In addition to this, advertising plays a more important role in consumer marketing in comparison with business to business marketing. This is because advertising is the most important activity through which companies inform customers about their products, invite them to buy it, and more importantly, helps companies influence consumer behavior. Product managers must also visit customers in order to have their feedback. In the case of consumer marketing, product managers are active members of the sales team, they develop pricing offers, and make decisions on packaging, but also on product development.


In order to inform customers and determine them to buy their products, companies use TV and radio ads, print advertising, online marketing and social media. Some of these channels are also used in business to business marketing, but only as secondary channels. In this segment, companies prefer public relations activities, sponsoring different events, and organizing conferences where they invite their customers.

Product managers in business to business marketing must offer technical information when visiting their customers. They are often required to inform their customers about how their product is manufactured, technical standards, and others. In addition to this, they must have the technical knowledge that is required in order to answer their customers' questions on different issues.

Regarding the marketing strategy, in business to business marketing this seems to be the same as the corporate strategy. It is required that most of the company's functional areas are included in the marketing strategy. For example, if a security division of a corporation identifies an opportunity of developing social security equipment for a state authority, this requires that sales people address this issue together with the engineering, manufacture and finance department in order to determine how to successfully address this opportunity. This required that these departments change their strategy.

Another difference between business to business and consumer marketing relies on how customers in these segments make the purchasing decision. In the case of consumer marketing, the decision is made on an emotional basis. Although purchasing decisions seem rational, the decision is made emotionally, while reason only explains the emotional decision. This can significantly differentiate the promotional strategy. Consumer marketing focuses on the emotions that customers have regarding the products companies are selling.

In the case of business to business marketing, the buying decision seems to be more rational. In business to business the purchasing decision is usually made by a purchasing team, and all members must agree on which product to purchase. In order to make the purchasing decision, this team requires technical information that is analyzed rationally.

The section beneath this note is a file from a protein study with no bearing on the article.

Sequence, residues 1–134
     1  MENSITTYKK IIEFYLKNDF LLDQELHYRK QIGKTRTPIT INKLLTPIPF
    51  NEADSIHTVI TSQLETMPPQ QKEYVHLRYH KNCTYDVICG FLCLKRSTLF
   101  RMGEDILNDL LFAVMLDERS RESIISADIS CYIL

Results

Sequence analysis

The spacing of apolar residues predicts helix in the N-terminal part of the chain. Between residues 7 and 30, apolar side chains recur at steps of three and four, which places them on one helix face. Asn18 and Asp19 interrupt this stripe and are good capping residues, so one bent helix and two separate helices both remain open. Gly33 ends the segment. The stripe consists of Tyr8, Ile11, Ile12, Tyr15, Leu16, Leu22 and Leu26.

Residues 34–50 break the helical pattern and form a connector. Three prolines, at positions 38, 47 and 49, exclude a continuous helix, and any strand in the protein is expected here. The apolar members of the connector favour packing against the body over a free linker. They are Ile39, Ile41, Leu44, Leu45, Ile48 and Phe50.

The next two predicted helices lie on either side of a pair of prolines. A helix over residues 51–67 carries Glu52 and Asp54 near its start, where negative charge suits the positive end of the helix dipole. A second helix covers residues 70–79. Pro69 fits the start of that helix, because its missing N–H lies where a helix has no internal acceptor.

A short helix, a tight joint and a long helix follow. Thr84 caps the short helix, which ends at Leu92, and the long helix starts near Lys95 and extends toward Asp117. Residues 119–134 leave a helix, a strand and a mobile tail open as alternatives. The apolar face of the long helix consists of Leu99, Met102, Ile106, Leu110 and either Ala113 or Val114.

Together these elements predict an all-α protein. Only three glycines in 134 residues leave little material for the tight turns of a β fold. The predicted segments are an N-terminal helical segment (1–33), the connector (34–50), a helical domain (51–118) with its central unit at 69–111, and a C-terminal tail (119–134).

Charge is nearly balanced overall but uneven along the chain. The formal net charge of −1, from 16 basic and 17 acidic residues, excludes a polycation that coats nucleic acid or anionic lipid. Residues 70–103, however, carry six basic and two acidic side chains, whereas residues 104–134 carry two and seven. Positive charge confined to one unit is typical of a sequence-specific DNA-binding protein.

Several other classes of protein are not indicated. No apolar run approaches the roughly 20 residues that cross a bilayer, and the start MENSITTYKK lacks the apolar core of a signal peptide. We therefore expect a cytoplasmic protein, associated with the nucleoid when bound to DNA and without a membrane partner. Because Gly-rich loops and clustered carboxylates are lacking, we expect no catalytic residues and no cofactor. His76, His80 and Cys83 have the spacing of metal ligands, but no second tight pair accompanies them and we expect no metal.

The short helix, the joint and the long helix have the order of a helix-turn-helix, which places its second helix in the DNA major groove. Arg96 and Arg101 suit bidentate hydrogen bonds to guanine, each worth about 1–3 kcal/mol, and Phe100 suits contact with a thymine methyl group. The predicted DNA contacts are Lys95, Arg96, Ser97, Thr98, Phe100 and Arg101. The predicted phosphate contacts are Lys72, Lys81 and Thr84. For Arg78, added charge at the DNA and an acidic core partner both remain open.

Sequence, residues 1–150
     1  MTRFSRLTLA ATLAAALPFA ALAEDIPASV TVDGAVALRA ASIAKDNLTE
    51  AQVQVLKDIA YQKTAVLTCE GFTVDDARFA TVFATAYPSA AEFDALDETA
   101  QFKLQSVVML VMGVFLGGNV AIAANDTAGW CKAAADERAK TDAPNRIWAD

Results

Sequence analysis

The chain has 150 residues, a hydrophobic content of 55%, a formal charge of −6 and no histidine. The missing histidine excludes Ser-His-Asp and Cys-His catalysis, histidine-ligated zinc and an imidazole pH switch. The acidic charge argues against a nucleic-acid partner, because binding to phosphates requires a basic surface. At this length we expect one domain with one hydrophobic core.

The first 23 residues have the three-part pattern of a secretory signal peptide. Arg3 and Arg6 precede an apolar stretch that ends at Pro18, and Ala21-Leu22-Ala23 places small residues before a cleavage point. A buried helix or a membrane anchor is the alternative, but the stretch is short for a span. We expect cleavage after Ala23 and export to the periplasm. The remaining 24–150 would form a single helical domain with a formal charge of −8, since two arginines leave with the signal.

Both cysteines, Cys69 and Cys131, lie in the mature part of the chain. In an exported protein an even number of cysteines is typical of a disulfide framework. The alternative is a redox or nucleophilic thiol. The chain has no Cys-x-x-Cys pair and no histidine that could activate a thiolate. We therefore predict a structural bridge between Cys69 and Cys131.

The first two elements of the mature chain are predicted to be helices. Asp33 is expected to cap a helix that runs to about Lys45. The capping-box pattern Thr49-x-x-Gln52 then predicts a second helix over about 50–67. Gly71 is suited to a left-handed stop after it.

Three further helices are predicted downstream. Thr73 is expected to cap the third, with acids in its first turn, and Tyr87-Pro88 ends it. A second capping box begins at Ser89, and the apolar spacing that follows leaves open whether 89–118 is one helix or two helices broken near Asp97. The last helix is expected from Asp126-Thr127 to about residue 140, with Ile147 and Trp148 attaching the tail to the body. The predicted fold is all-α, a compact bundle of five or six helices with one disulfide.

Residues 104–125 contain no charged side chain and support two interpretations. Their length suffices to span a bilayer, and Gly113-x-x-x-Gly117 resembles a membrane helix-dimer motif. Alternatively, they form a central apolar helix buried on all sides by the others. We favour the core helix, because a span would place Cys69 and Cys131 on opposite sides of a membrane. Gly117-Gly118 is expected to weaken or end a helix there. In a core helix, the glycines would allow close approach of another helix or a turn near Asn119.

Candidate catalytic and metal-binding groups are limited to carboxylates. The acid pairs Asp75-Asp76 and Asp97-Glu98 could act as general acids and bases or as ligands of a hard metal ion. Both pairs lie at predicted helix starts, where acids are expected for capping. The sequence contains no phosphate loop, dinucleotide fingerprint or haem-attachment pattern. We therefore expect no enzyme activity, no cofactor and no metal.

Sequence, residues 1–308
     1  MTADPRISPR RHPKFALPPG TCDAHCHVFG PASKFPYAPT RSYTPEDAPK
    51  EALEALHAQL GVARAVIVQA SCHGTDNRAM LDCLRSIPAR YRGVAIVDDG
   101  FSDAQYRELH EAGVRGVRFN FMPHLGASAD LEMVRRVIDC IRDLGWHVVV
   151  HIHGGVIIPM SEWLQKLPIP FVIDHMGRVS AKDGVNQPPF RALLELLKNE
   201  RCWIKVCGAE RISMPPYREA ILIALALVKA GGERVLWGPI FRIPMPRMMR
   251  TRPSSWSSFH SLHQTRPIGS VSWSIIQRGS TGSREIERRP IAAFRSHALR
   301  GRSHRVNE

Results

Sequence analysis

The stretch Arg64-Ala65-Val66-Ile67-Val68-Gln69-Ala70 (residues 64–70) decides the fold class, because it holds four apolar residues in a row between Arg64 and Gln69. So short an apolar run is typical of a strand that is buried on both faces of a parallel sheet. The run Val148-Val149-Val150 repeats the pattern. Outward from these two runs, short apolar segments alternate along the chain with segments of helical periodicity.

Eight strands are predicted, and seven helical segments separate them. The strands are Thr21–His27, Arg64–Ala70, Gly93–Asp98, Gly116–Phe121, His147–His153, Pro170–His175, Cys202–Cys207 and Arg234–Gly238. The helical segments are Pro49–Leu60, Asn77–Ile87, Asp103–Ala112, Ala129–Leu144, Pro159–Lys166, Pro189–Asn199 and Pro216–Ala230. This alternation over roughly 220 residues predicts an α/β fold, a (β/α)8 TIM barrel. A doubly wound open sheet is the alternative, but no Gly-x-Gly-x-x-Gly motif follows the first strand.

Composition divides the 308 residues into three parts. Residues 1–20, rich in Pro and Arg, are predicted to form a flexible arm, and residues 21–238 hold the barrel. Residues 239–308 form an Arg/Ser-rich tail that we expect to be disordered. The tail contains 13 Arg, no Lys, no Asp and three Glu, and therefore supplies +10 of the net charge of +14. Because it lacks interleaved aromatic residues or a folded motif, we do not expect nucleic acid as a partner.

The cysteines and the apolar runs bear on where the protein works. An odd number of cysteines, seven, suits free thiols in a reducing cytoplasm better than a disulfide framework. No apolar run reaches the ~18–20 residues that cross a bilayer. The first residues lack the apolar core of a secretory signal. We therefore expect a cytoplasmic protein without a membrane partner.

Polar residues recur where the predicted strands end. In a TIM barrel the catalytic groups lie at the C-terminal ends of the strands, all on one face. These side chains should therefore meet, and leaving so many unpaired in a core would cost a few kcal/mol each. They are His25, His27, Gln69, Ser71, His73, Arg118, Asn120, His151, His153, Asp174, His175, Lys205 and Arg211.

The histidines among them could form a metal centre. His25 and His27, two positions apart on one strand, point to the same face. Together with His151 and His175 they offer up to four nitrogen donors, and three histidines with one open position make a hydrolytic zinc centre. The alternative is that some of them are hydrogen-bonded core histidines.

The different marketing approaches to business and consumer segments are also determined by the size of these segments. Within consumer markets we can find millions of individuals, while there are business markets with only few buyers. It is obvious that this changes the relationship between buyers and suppliers. In markets with a reduced number of buyers, suppliers have little power.

The success of companies' marketing strategy also relies on how efficient their market segmentation is. Market segmentation allows companies to identify, understand, and gain information on the customer segments they are targeting. The more specific customer segmentation is, the more efficiently they can address these customers. There are differences between consumer and business segmentation. Consumer markets are segmented based on demographics and psychographics, while business segments are segmented by industry classification codes, product applications, price sensitivity, location, and importance of product.

When analyzing the differences between the different marketing activities within business to business and consumer segments it is important to also focus on distribution. Companies that sell to consumers sell their products directly or through a small chain of distributors. Companies that sell to businesses can sell their products directly to large customers and through other channels. This is the case of companies selling directly to customers or through online stores.

Another important aspect that determines differences between business to business and consumer marketing relies on their approach to the sales force. This approach is similar to that if product managers. The need for different types of sales force is derived from the fact that customers in these segments inform themselves differently when making a purchasing decision. The sales people in business markets must have a background in the field they are selling. Companies in the pharmaceuticals field often use sales people with a pharmaceutical or medical background. This is because their customers have questions that require such background in order to be able to respond to.

The technology involved in manufacturing products represents an important point of focus for business to business customers, but not for consumers. Technology has different effects on these segments. Companies address this issue when developing their marketing strategy.

Similar points-of-view are addressed by Michael Hutt and…